"It’s not Jon’s responsibility to save the [UFC 151] card. Dana White has $100 million, why didn’t he pay the fans back or the fighter’s salaries? Jones made a decision that was right for his family; it has nothing to do with the billion dollars the Fertittas are sitting on. It’s ridiculous in my opinion, the whole sport is ridiculous. MMA is being promoted as something cool to do on television. It’s not being promoted as the martial arts lifestyle and something that can enrich and better your life. It’s being promoted with hot chicks and guys with tattoos beating the heck out of each other in a cage. That’s cool and all, but there are a lot of shortcomings to that. I don’t want my family to see that, I don’t want them to hear Dana dropping F-Bombs. The guy who has made himself the star of MMA is the biggest douche bag and loudmouth on the planet and he’s bringing the entire industry down. If there’s no reason for us to be beating each other up than money then we should probably be doing something else. For me it was about surviving, helping people and sharing my knowledge. I don’t think Dana has that going for him, he’s not a martial artist!"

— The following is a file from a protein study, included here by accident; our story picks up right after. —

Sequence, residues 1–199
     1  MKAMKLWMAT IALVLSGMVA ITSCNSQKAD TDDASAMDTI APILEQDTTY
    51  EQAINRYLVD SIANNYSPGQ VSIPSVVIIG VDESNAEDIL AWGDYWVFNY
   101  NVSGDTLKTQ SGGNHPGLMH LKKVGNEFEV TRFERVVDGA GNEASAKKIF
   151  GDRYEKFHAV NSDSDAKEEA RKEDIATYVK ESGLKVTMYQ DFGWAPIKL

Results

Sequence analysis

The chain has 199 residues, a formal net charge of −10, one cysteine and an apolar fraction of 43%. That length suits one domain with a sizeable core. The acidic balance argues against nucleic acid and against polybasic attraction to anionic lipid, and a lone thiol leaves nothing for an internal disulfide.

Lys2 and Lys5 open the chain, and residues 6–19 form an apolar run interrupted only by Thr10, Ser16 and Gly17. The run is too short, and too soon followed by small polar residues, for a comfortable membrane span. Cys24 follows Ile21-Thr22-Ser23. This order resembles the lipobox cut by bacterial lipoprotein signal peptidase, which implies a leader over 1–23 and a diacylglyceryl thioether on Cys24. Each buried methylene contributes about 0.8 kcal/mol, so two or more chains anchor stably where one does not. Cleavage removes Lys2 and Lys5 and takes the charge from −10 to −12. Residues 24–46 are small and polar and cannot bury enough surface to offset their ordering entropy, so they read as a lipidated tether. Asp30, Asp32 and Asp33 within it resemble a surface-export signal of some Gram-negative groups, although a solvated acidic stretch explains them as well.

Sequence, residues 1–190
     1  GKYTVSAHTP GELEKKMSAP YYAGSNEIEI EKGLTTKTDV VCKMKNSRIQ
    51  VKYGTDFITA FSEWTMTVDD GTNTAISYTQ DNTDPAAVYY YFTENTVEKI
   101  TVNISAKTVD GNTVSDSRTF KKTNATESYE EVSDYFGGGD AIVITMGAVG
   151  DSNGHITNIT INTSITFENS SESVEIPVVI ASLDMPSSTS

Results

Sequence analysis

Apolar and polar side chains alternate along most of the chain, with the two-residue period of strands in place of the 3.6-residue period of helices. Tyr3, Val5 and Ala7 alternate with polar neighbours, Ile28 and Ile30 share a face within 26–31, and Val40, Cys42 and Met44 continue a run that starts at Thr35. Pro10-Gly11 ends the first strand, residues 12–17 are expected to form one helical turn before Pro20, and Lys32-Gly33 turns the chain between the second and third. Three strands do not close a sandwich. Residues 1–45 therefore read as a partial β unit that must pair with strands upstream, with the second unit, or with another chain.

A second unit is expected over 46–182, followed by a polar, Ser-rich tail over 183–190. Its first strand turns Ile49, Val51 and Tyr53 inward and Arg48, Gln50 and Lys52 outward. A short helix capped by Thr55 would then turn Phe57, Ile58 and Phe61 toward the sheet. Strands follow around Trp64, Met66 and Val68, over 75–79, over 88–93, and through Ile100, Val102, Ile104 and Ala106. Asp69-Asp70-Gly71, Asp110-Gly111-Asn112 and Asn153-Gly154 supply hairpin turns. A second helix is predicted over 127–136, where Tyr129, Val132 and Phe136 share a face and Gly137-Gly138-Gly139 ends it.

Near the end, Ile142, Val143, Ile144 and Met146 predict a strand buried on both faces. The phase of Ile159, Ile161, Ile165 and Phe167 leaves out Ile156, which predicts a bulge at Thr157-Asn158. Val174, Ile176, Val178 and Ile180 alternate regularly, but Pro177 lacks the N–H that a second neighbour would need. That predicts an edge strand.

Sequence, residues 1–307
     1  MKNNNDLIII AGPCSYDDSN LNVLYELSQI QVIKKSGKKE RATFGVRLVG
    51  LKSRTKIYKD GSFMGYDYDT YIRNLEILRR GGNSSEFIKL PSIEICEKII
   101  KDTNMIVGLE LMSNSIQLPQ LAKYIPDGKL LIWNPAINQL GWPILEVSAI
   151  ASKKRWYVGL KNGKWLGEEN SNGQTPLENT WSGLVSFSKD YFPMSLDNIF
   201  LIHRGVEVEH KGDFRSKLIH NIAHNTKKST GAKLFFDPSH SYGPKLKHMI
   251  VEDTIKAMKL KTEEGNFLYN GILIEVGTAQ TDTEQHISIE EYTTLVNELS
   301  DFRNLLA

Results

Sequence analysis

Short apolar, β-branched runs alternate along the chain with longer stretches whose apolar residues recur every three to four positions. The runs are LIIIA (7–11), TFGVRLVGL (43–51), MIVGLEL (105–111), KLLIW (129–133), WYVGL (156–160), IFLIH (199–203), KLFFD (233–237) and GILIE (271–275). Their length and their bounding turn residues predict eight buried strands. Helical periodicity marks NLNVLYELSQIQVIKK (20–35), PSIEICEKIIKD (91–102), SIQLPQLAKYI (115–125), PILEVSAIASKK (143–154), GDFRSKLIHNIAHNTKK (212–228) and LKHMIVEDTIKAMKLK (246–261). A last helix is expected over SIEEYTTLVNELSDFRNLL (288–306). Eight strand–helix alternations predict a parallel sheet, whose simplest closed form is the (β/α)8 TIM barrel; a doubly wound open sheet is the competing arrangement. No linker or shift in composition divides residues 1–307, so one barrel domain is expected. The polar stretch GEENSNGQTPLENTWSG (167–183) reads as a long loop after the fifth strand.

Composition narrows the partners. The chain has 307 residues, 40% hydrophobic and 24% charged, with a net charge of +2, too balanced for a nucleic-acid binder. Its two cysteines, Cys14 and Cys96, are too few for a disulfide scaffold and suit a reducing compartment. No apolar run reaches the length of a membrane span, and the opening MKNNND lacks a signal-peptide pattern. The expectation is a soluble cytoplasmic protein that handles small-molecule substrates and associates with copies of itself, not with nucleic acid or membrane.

Retired mixed martial arts (MMA) master Frank Shamrock tells BJPenn.com radio there are deeper issues behind the decision by Ultimate Fighting Championship (UFC) to cancel its UFC 151 pay-per-view (PPV) event earlier this month, specifically, how the entire sport is being promoted as something cool to do on television rather than a martial arts lifestyle. Unfortunately, without "cool TV," there probably wouldn't be enough money in the sport to sustain its growth or pay its fighters. But are they mutually exclusive? Can we have a product that makes great television without being "ridiculous?"